- an understanding of the strengths and weaknesses of the primary evidence usually used to explore the Augustan period and its legacy, and to appreciate the uncertainty, ambiguity and limitations of knowledge
- an ability to perform close critical analysis of the primary evidence
- a knowledge of major scholarly viewpoints and debates relevant to the study of the Augustan period and its legacy
- an ability to engage critically with the major scholarship on the subject, and to describe and comment on particular aspects of current research and scholarship
- a critical appreciation of the contributions made by individual scholars to the evolving field of Augustan studies
- an ability to construct reasoned and well-supported arguments
- an ability to communicate effectively in seminar classes, written assignments and under exam conditions
- good time management and IT skills

Skills outcomes
On successful completion of this module, all students will have had the opportunity to develop the following skills:
- close critical analysis of primary evidence relating to the Augustan period.
- construction of reasoned and well-supported arguments.
- written communication in assignments and under exam conditions.
- time management and IT skills.
- team-working.
- oral communication.
- understanding how to design and conduct surveys.


Historical topics covered in the first part of the module will include Augustus’ rise to political power; the nature of his position; his relationship with the existing Roman elite, the people, the army and the provinces; changes in religion, literature and architecture in Augustan Rome.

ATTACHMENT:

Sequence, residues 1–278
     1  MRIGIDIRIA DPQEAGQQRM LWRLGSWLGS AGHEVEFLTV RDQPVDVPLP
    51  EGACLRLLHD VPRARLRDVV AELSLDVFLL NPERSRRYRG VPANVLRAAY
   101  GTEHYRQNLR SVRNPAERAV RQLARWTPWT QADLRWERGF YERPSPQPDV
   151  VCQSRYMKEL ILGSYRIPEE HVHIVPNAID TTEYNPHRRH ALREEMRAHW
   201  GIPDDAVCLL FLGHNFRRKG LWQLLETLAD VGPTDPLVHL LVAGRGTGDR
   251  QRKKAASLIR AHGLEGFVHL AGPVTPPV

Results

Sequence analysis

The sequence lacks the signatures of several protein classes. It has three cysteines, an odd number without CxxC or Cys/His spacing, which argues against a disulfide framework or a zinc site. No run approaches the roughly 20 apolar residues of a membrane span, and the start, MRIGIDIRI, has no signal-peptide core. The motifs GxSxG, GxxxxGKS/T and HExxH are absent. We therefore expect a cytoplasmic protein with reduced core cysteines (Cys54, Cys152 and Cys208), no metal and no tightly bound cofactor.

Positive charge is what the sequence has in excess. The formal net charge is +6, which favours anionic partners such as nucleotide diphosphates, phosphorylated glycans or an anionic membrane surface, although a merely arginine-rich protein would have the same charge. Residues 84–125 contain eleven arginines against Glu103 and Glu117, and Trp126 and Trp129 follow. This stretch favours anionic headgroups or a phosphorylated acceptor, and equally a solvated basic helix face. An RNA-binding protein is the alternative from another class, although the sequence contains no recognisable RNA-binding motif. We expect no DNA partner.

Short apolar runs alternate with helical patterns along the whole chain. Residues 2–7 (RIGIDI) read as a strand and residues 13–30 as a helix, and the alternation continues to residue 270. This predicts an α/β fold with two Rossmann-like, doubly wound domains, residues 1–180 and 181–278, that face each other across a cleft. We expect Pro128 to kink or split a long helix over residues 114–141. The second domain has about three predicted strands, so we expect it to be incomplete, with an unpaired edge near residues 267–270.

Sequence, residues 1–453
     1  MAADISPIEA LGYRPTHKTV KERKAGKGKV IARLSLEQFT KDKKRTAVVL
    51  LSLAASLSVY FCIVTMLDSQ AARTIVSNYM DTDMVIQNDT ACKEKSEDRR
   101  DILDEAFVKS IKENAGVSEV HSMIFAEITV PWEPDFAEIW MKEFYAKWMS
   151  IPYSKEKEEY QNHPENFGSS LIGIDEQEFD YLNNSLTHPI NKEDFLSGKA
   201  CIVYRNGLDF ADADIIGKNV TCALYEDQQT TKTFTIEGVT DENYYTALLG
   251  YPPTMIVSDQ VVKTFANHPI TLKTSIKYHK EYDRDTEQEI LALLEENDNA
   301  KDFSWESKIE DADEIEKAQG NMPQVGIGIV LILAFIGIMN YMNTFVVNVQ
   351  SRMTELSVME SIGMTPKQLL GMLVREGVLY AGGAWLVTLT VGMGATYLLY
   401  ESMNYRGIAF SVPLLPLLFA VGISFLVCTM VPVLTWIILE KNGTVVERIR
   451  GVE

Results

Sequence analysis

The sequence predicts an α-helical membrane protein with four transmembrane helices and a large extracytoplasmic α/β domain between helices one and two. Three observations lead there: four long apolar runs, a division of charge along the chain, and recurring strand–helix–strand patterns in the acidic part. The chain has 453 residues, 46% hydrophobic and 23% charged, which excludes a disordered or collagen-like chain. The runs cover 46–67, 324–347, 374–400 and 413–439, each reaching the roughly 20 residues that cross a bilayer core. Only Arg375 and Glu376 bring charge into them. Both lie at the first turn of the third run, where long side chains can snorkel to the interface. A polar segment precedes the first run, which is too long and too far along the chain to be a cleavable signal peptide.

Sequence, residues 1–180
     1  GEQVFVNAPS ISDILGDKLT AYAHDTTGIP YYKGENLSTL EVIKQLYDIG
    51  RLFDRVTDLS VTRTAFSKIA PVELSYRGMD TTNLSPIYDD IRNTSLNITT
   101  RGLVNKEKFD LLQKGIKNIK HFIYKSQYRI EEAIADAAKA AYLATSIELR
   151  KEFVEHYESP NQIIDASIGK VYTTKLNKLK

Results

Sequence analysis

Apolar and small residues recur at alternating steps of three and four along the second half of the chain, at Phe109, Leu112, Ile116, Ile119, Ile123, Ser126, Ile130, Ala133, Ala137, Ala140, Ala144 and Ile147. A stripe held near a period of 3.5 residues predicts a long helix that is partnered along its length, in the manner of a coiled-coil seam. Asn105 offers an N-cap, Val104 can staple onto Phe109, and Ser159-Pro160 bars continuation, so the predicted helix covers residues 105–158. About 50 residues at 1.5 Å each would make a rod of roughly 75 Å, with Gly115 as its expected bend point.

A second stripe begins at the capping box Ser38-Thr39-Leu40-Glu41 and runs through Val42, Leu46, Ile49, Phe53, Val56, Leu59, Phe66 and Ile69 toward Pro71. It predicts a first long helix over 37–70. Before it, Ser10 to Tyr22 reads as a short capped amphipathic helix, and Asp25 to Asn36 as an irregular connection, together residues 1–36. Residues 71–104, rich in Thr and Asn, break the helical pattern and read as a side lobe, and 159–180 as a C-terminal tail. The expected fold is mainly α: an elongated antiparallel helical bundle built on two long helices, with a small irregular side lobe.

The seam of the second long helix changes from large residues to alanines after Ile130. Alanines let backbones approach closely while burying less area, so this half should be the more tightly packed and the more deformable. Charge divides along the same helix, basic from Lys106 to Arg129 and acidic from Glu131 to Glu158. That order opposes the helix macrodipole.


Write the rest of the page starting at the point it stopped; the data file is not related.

Legacy topics covered in the second part of the module will include responses to Augustus within antiquity, in the medieval period, in Christian legend, in the Renaissance, the Enlightenment, and the particular contexts of the British empire, fascist Italy and modern screen portrayals.

Teaching methods

Delivery typeNumberLength hoursStudent hours
Private study hours180.00
Total Contact hours20.00
Total hours (100hr per 10 credits)200.00

Private study

The 180 hours of private study and independent learning on this module break down as follows:
- 3 hours reading for each of the 15 lectures = 45 hours
- 7 hours reading / note-taking for each of the 5 seminars = 35 hours
- Researching and writing assessments = 80 hours

Opportunities for Formative Feedback

Student progress will be monitored:
- at an informal level through lectures and the moderating of online discussions by the module coordinator;
- at a formal level, through the assessed coursework and end-of-module examination;
- via a detailed module questionnaire at the end of teaching on the module.

Methods of assessment

Assessment typeNotes% of formal assessment
Essay2,500 words50.00
Essay2,500 words50.00
Total percentage (Assessment Coursework)100.00

Normally resits will be assessed by the same methodology as the first attempt, unless otherwise stated

Reading list

The reading list is available from the Library website

Last updated: 02/10/2020 13:48:14